Michigan 4th grader's classroom project benefits football players, children year after year

Plymouth High School Wildcats hold special practices with children

By Meaghan St Pierre - Producer

PLYMOUTH, Mich. - On a Friday night every summer, the Plymouth High School Wildcats hold a special practice on the football field.

The PCEP varsity football players pair up with younger children, guiding them through non-contact football drills including passing, catching and blocking.

The Sunshine's Skills and Drills Football Clinic is in its fourth year. The evening camp was the idea of Connor Sherman. The first clinic was held in 2014, based on an idea Sherman came up with in his fourth-grade class at Workman Elementary School.

During Genius Hour, a session held at the school, students could come up with ideas to change the world in any way they could.

"My passion was football, and me and my family decided to come up with the football clinic for special needs kids, and that's how it really all started," Sherman said.

Sherman enlisted the help of Brian Rochon, a Pioneer Middle School teacher and one of the coaches for the Plymouth High School football team, to make his vision a reality.

Each child who participates in Sherman's clinic is paired with a football player who takes them through drills one on one. They also receive a T-shirt, a participation trophy and get to enjoy pizza after the playing finishes.

"I think that is unbelievable that a fourth-grade kid came up with this concept," said Mike Sawchuk, the head football coach. "My favorite moment of the night is when I get to walk around and watch all the kids interact at all the stations, and watch the smiles on their face and watch the smiles on all the kids' faces."

Volunteering their time

The high school football players volunteer their time year after year for the clinic.

"I get to go around and experience the camp with one of my own personal buddies, so it's just me and him the whole time," Zach Beadle, the Wildcats quarterback, said. "It feels really good to give back to all these kids."

This is wide receiver Andrew Neal's third year volunteering for the clinic.

"Here at Plymouth, we build a culture and it's like family. And especially on the football team, and just to be able to share that camaraderie and the love that we share within our team mates, and extend that to the community, it's a great opportunity for all of us," Neal said.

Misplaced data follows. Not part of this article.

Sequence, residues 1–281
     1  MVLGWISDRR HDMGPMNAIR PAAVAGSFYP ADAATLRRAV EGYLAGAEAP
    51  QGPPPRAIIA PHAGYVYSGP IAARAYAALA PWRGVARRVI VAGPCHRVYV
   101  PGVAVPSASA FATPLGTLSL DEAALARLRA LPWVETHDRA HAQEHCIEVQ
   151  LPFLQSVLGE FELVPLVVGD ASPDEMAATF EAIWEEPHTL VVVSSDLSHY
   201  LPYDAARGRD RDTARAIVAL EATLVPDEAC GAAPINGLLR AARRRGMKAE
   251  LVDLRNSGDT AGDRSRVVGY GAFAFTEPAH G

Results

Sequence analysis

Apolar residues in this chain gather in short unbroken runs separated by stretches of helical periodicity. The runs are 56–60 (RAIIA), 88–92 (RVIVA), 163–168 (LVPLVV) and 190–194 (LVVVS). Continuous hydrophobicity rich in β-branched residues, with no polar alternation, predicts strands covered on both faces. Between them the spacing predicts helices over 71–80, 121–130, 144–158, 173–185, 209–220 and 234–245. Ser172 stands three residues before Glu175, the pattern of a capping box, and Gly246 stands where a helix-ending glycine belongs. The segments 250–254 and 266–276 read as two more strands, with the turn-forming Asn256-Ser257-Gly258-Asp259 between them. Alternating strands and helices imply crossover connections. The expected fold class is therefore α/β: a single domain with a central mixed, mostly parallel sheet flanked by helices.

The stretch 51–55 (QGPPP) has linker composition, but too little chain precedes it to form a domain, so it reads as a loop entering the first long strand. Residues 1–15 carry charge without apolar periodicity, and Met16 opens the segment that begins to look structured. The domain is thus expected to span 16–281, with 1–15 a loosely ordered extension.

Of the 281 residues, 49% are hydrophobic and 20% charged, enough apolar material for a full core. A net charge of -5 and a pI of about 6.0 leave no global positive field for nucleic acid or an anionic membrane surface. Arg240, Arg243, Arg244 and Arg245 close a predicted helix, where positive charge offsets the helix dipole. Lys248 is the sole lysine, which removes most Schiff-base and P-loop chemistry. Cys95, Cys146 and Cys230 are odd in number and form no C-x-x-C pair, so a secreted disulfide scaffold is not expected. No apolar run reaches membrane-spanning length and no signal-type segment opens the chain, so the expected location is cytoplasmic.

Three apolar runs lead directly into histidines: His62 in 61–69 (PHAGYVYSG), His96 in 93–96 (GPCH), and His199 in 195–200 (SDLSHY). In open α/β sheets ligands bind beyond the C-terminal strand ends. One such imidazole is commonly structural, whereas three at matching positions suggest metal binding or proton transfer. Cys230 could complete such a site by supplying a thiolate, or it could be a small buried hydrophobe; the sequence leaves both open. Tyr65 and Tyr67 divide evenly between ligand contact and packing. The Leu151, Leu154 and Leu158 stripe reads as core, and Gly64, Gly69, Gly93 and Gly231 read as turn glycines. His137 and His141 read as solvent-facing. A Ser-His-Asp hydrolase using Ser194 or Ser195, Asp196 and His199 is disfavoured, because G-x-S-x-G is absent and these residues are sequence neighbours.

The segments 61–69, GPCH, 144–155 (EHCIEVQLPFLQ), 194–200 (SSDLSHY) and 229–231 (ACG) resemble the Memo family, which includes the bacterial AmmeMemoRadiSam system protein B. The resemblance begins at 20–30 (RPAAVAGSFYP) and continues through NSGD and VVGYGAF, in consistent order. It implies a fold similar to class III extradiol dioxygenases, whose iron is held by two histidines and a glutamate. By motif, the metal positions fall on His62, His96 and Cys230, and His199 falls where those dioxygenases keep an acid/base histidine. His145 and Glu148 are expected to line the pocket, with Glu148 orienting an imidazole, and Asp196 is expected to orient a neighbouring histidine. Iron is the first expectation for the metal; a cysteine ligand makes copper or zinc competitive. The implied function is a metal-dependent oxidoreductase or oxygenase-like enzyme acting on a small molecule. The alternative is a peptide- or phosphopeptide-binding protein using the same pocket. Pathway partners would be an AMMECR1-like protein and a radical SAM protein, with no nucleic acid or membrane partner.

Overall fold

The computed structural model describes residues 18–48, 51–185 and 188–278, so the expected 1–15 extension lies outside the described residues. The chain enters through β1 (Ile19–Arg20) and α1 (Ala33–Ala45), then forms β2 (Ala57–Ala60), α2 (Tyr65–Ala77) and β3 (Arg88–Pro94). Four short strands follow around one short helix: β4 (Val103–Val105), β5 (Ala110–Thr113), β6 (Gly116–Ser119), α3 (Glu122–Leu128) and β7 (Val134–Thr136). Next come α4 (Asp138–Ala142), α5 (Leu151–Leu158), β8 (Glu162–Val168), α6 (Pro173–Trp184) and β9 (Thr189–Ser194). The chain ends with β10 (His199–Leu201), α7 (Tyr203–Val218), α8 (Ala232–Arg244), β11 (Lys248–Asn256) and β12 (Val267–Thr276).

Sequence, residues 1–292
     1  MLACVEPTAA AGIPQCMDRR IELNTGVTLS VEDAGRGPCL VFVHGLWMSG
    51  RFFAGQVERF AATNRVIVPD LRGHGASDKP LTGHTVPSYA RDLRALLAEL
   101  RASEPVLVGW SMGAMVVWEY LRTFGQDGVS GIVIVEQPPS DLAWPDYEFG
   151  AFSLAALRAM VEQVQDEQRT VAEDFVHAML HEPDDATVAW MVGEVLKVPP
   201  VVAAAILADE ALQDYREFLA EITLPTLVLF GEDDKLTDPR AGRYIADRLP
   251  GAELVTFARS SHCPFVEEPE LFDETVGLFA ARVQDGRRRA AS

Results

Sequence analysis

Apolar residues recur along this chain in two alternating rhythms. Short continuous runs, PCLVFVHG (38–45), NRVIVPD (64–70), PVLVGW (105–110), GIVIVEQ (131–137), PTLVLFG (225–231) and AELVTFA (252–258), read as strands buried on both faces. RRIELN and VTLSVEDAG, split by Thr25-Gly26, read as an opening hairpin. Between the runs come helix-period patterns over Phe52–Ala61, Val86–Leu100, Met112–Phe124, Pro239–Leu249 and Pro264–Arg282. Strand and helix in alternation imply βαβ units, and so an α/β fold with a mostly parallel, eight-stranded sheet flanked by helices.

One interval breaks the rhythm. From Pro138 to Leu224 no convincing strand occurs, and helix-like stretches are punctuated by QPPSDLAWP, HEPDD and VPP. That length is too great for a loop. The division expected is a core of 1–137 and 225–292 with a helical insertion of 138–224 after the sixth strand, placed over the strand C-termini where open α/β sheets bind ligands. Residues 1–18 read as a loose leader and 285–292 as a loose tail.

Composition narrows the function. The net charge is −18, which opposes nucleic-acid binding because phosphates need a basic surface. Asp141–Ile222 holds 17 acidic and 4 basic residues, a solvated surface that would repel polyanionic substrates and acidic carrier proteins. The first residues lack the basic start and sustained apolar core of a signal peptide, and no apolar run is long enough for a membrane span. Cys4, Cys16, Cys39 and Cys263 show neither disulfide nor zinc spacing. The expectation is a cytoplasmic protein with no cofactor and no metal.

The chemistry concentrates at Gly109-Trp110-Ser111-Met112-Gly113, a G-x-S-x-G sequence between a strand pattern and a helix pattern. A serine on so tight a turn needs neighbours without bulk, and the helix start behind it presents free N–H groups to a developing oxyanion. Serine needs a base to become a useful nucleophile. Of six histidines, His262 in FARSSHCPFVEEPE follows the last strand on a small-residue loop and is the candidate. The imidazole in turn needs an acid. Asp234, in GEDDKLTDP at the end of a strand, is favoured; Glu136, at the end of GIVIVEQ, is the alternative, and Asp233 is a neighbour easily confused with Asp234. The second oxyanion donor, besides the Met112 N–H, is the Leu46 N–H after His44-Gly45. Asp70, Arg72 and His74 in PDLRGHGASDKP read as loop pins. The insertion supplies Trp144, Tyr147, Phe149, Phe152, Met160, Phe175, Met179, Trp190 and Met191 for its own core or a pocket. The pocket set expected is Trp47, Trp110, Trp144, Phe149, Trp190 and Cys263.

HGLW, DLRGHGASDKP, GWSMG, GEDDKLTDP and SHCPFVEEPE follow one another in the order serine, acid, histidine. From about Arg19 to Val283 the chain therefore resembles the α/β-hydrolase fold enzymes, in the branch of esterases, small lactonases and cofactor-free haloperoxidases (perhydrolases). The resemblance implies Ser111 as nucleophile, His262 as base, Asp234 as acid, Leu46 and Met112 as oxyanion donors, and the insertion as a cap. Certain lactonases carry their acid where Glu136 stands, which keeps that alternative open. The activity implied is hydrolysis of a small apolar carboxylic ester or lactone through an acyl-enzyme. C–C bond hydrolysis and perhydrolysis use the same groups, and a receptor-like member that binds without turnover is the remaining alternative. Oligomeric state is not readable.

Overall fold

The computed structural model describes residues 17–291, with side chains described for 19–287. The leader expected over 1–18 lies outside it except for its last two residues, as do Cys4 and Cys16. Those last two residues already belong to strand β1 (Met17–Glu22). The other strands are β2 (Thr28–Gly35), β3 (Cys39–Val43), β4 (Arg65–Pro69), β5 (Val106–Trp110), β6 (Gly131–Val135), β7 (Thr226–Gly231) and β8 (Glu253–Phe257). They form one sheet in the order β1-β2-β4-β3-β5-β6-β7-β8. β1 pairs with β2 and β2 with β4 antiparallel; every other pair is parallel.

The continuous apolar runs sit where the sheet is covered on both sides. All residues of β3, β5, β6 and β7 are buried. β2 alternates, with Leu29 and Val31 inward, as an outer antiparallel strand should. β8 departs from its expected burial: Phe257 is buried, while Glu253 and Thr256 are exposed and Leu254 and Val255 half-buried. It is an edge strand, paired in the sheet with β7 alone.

"We get a lot more out of it than the kids do. It's a life-changing experience honestly," Neal continued. "It's just, we're so blessed, and it sometimes goes unnoticed and we wake up and we complain about having workouts and having to go to practice, and these kids wake up and some of them can't dress themselves, some of them can't do everyday things we do that we may take for granted. These kids may never be able to do (those things) in their entire lives, so its a great opportunity for us."

Selflessness, commitment, service

Rochon said the football players benefit from participating. He said one of the cornerstones of their football program is selflessness, as well as commitment and service.

"We've seen some tangible benefits in our kids, both not only as football players, but as young men, and as coaches, that's really our main job is to help turn boys into young men that are going to be successful fathers and husbands and employees and members of the community," Rochon said.

"It teaches me how to be a better person," Wildcats linebacker Artis Jackson said.

Cheri Williams' son Tony participates every year.

"I'm just very thankful that Connor thought of this four years ago just as a 10-year-old and it's impacting all of these kids and having the kids enjoy their own version of football camp," Williams said. "It means a lot for your child to be able to do something that you wish they could do in a typical setting and they maybe aren't able to. For them to be exposed to it in a program like this, where you've got high school football players who are just treating them as one of the guys and they get to score touchdowns and do blocking drills and agility drills and have fun and feel successful, it means a lot as a parent to see your child smiling, enjoying being successful at a sport that everybody loves."

The clinic is free and relies on sponsors and donations to operate. Anyone interested to learn more about the program can click here.

To help, you can also email Brian Rochon brian.rochon@pccsk12.com.

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